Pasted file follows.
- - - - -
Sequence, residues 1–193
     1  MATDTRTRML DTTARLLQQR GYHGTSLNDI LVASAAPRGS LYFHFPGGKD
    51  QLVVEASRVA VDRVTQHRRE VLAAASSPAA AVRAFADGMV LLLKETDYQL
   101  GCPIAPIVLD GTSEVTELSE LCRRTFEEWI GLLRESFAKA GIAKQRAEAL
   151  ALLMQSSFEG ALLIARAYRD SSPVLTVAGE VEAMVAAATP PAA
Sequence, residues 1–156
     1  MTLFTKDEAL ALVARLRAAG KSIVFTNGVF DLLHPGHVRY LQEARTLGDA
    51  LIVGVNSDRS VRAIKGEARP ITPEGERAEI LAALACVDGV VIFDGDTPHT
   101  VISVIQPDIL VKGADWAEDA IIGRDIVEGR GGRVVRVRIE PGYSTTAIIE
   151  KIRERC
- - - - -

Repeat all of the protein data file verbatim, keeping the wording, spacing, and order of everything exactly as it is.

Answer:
Sequence, residues 1–193
     1  MATDTRTRML DTTARLLQQR GYHGTSLNDI LVASAAPRGS LYFHFPGGKD
    51  QLVVEASRVA VDRVTQHRRE VLAAASSPAA AVRAFADGMV LLLKETDYQL
   101  GCPIAPIVLD GTSEVTELSE LCRRTFEEWI GLLRESFAKA GIAKQRAEAL
   151  ALLMQSSFEG ALLIARAYRD SSPVLTVAGE VEAMVAAATP PAA
Sequence, residues 1–156
     1  MTLFTKDEAL ALVARLRAAG KSIVFTNGVF DLLHPGHVRY LQEARTLGDA
    51  LIVGVNSDRS VRAIKGEARP ITPEGERAEI LAALACVDGV VIFDGDTPHT
   101  VISVIQPDIL VKGADWAEDA IIGRDIVEGR GGRVVRVRIE PGYSTTAIIE
   151  KIRERC